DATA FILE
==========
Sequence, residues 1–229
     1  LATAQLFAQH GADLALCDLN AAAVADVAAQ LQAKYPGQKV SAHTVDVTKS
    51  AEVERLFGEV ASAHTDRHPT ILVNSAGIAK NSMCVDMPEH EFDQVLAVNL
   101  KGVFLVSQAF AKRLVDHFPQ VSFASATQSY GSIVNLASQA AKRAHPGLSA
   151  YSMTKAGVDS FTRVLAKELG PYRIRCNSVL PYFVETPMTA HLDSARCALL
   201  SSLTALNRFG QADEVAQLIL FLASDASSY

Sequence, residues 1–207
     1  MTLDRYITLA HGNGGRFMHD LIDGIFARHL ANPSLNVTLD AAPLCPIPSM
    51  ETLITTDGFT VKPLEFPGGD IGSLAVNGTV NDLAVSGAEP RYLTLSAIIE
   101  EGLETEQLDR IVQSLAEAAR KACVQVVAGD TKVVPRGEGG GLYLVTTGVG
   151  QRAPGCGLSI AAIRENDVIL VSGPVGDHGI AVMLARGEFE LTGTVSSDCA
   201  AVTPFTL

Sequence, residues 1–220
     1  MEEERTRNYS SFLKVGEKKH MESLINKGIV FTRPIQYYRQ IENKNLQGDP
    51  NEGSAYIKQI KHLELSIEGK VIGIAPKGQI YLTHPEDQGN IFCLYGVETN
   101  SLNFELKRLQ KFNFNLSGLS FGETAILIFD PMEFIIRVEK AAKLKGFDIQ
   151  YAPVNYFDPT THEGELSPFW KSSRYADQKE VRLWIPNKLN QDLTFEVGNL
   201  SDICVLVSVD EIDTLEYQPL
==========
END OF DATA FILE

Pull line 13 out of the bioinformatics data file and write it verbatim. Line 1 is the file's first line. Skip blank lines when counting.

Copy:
Sequence, residues 1–220